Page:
According reports from Reuters in August 2013, a Sri Lankan court ended a ban on the sale, distribution and advertising of all Fonterra milk products, soon after the company suspended operations in Sri Lanka. That time in 2013 the New Zealand dairy giant said it had temporarily suspended work at the Sri Lanka unit, citing precautionary measures to ensure the safety of its 755 employees after it faced product bans, court cases and angry demonstrators.

 

That time in 2013, Sri Lanka’s state-run Industrial Technology Institute (ITI) found the DCD in a batch Anchor full-cream milk power and another of the Anchor 1+ brand for young children, which were manufactured between October and December 2012. However it was reported that Fonterra has disputed the accuracy of the ITI testing, but the local company Fonterra Brands Lanka last later told Reporters in Mid-August 2013 that it had recalled two batches of Anchor-branded products in accordance with the health ministry directive. That time in 2013 according to Media reports Sri Lanka’s opposition for New Zealand’s Fonterra brands followed a global food scare after Fonterra said earlier in August 2013 that some of its products could contain a bacteria that can cause botulism. That time in 2013 Fonterra’s products were removed from shelves from China to Saudi Arabia, while other countries restricted imports as per media reports.

 

Fonterra Co-operative Group Limited is a New Zealand multinational dairy co-operative owned by around 10,500 New Zealand farmers. The company is responsible for approximately 30% of the world's dairy exports and with revenue exceeding NZ $17.2 billion, and is New Zealand's largest company.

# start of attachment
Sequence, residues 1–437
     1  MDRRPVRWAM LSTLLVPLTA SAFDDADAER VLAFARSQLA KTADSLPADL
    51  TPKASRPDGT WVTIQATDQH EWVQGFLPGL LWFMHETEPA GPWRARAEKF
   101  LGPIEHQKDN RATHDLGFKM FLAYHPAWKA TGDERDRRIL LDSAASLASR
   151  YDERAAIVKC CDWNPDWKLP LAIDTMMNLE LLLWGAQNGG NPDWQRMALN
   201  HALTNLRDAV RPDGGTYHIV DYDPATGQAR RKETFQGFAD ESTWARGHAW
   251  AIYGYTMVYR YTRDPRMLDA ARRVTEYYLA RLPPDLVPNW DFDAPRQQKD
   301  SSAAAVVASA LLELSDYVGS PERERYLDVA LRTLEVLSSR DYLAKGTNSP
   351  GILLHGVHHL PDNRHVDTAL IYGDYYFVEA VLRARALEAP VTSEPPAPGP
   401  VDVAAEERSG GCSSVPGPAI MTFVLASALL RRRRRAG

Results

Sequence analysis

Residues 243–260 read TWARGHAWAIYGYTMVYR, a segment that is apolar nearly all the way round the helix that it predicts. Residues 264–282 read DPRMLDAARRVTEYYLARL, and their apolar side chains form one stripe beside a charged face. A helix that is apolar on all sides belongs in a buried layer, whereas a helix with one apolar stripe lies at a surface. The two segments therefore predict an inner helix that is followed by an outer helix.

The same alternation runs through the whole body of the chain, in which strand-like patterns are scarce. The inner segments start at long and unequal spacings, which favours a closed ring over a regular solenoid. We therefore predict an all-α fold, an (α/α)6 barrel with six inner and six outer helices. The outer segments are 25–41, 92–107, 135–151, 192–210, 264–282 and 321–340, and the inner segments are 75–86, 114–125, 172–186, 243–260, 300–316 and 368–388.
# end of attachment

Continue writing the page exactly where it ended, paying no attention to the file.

Fonterra was established in October 2001 following the merger of the country's two largest dairy co-operatives, New Zealand Dairy Group and Kiwi Cooperative Dairies, with the New Zealand Dairy Board. The name Fonterra comes from Latin fons de terra, meaning "spring from the land".

 

 Following is the full statement from Fontera on denying the claims made by Politicians on ‘Imported Milk Products containing Pork Fat’

 

Fonterra firmly denies allegations made against the company

 

We are aware of misinformation that was recently shared in media reports quoting Parliament proceedings. These claims are completely false and we would like to reassure our consumers that all of our milk powder products are safe and contain only what is listed on the ingredients label.

 

Our milk powder meets the highest international food safety and quality standards and are independently tested by both the New Zealand and Sri Lanka government.

 

Our products do not contain any of the alleged adulterants, such as pork fat or palm oil. In Sri Lanka the Atomic Energy Authority (AEA), The Industrial Technology Institute (ITI), The National Institute of Health Science (NIHS) and the Sri Lanka Standard Institute (SLSI), each carry out independent tests on the milk powder that we import into the country. Therefore, our imports must follow Sri Lanka’s strict import clearance process before entering the country, which is enforced by these authorities.

 

As a food company, safety and quality is our highest priority and we have been delivering high quality and safe dairy nutrition to Sri Lankan consumers for over 40 years. Each year milk powder from New Zealand undergoes over 6.6 million stringent quality tests across the supply chain and is certified by the New Zealand Government’s Ministry of Primary Industries.

 

We would also like to reiterate our commitment to Sri Lankan consumers and the wider dairy farming and business community. Fonterra Brands Sri Lanka is strongly committed to strict corporate governance policies and at all times operates ethically and within the laws of the country.